Patrick Springer first joined the reporting staff of The Forum in 1985. He can be reached by calling 701-241-5522. Have a comment to share about a story? Letters to the editor should include author’s name, address and phone number. Generally, letters should be no longer than 250 words. All letters are subject to editing. Send to firstname.lastname@example.org
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SIOUX FALLS, S.D. — David Shulkin, a physician whom President Donald Trump tapped to head health care for veterans and later fired, will serve as Sanford Health's chief innovation officer. Shulkin's portfolio will put him in charge of Sanford's research, clinical genetic medicine, Profile weight loss and world clinic programs, according to an announcement made Tuesday, Sept. 11.
FARGO — UnitedHealthcare, the nation's largest health insurer, has announced its plans to enter the small group market in the three-state region in a move North Dakota's insurance regulator said could increase competition. The entry in January into South Dakota and new parts of Minnesota, too, will add a major player in the health insurance market. In North Dakota, the market is now dominated by three companies: Blue Cross Blue Shield of North Dakota, the Sanford Plan and Medica.
MEDORA, N.D.—It was a gorgeous day for a hike in the Badlands. Not too hot, with some moody clouds that made the sky interesting and the sun less intense. Everything was perfect until my dog yelped. Zooey, my yellow Labrador retriever, whimpered and held up her front left paw, which she started licking furiously. I immediately suspected that she'd stepped on a prickly cactus, which were all around us. I crouched down and inspected her paw, which had begun to swell.
DETROIT LAKES, Minn. — The Fourth of July fireworks display near the Pavillion on the shore of Detroit Lake draws throngs of spectators who line the beach for a mile while others crane their necks from their perches on an armada of pontoon boats. The annual aerial display, which has grown over the decades, is reflected on the water, adding a shimmering mirror image to the pyrotechnics. Smaller versions, private displays from the hundreds of people who live around the lake, add more celebratory color and noise.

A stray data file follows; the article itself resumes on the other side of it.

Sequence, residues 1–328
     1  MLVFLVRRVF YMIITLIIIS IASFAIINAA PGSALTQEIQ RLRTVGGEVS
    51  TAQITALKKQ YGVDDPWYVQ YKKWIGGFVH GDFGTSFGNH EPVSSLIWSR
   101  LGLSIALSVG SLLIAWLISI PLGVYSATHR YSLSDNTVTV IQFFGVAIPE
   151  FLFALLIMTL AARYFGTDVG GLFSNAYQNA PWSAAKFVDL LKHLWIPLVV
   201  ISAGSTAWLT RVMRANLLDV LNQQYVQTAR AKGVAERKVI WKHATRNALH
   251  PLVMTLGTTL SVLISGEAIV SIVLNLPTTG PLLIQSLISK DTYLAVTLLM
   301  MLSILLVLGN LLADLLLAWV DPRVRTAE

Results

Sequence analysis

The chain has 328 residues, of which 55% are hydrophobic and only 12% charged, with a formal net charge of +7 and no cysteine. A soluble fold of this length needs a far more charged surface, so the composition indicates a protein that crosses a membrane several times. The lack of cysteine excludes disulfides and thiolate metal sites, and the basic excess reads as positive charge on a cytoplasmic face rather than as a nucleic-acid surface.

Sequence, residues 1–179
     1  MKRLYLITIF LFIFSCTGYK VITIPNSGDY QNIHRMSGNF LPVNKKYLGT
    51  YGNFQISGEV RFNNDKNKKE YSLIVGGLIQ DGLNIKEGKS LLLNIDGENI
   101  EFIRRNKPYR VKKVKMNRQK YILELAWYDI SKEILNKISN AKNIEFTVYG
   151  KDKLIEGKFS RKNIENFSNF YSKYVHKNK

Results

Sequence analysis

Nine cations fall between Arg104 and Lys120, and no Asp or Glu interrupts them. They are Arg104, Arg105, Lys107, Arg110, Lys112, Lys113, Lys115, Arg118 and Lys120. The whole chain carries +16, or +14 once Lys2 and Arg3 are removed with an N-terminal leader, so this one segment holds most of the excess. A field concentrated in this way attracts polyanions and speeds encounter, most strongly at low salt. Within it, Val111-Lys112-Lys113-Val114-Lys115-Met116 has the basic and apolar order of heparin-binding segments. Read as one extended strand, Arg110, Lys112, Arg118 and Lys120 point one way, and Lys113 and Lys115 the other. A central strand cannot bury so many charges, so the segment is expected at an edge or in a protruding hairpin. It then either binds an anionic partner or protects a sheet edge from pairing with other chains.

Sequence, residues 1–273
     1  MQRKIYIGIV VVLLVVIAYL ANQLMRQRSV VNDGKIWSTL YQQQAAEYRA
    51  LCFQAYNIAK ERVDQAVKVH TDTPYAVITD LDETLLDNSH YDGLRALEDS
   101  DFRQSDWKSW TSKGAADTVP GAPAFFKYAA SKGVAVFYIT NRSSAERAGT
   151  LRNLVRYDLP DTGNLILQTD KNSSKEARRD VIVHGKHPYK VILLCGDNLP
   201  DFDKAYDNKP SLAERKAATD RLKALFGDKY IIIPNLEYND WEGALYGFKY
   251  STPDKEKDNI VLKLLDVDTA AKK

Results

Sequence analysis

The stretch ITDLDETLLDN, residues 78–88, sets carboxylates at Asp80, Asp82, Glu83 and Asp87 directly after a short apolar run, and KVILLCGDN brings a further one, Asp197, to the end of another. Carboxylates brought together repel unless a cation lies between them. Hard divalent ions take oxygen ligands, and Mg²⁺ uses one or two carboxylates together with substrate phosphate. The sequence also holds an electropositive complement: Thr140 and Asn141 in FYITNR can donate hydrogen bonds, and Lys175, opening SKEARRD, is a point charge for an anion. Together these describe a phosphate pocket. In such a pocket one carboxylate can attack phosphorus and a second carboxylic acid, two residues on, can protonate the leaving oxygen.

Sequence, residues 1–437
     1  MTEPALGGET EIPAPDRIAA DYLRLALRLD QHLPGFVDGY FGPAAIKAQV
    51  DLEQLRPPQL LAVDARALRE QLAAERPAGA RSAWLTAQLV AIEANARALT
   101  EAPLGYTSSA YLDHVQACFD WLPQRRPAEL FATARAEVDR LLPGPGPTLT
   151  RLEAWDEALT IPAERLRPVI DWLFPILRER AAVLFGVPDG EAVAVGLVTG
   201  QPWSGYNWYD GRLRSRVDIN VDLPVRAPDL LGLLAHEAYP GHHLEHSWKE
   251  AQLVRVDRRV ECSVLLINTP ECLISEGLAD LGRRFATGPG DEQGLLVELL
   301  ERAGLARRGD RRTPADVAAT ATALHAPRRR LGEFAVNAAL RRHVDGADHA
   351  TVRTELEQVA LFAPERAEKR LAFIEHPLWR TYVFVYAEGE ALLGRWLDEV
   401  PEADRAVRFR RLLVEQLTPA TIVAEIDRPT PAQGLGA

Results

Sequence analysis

FARGO—Stacked pallets filled with bags of malt line the back of Drekker Brewing Co. here and a fermenting aroma vaguely reminiscent of baking bread perfumed the brew house. The pleasant smell was a mild distraction as Mark Bjornstad, Drekker's co-founder, explained the crucial role of malt as a key ingredient in brewing beer.
FARGO — Crazy Horse is remembered as an uncompromising Lakota warrior who never signed a treaty and who played a leading role in the stunning defeat of Lt. Col. George Custer at the Battle of the Little Bighorn. He refused to be photographed, but his likeness is being carved on a mammoth scale in a mountain in the Black Hills, and he remains an enigma in spite of his lasting fame.
FARGO — Minnesota regulators have decided they must conduct a supplemental environmental review of the revised Fargo-Moorhead Diversion, and now local officials hope permit approval for the $2.4 billion project can come this fall. The Minnesota Department of Natural Resources, which must grant a permit for a dam on the Red River in order for the project to proceed, notified the Diversion Authority that it needs more information about the impacts of the modified project under its permitting process.
FARGO—Annika Perkins always had stomach troubles. It was just something she came to accept as normal for her. They largely receded from her thoughts and faded into the background. "Even as a small girl I always had stomach aches," she said. Then, after years of coping with digestive problems, she came to realize that she had a problem.
FARGO — Jenni Monet climbed a hill overlooking the Cannonball River to shoot video of dozens of protesters against the Dakota Access oil pipeline who had put up a teepee village and stood with their arms locked in a gesture of determination. Monet was reporting on a police operation to clear the Last Child Camp, which was taken down hours after it was erected across from the main protest camp during the prolonged protests near the Standing Rock Indian Reservation in 2016 and early 2017.
FARGO — Rep. Collin Peterson, D-Minn., said a Republican push to expand work requirements for a food assistance program has brought farm bill negotiations to a standstill and endangers the sugar program and crop insurance. Republican members of the House Agriculture Committee are pressing for a work requirement for recipients of Supplemental Nutrition Assistance Program (SNAP) benefits that would apply to able-bodied people up to age 65. The program now has work requirements for recipients ages 18 to 49.